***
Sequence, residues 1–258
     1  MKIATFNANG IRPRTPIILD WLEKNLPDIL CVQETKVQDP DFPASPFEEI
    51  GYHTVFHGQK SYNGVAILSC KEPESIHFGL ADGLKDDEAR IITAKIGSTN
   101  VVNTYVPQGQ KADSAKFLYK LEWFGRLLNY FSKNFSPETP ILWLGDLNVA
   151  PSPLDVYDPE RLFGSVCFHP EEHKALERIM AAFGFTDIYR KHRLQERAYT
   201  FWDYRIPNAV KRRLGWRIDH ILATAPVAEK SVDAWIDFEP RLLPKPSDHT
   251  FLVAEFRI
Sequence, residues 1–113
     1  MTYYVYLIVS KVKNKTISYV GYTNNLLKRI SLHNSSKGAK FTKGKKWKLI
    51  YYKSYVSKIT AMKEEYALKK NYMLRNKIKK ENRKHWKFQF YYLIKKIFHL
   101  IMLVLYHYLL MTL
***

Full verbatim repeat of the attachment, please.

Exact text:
Sequence, residues 1–258
     1  MKIATFNANG IRPRTPIILD WLEKNLPDIL CVQETKVQDP DFPASPFEEI
    51  GYHTVFHGQK SYNGVAILSC KEPESIHFGL ADGLKDDEAR IITAKIGSTN
   101  VVNTYVPQGQ KADSAKFLYK LEWFGRLLNY FSKNFSPETP ILWLGDLNVA
   151  PSPLDVYDPE RLFGSVCFHP EEHKALERIM AAFGFTDIYR KHRLQERAYT
   201  FWDYRIPNAV KRRLGWRIDH ILATAPVAEK SVDAWIDFEP RLLPKPSDHT
   251  FLVAEFRI
Sequence, residues 1–113
     1  MTYYVYLIVS KVKNKTISYV GYTNNLLKRI SLHNSSKGAK FTKGKKWKLI
    51  YYKSYVSKIT AMKEEYALKK NYMLRNKIKK ENRKHWKFQF YYLIKKIFHL
   101  IMLVLYHYLL MTL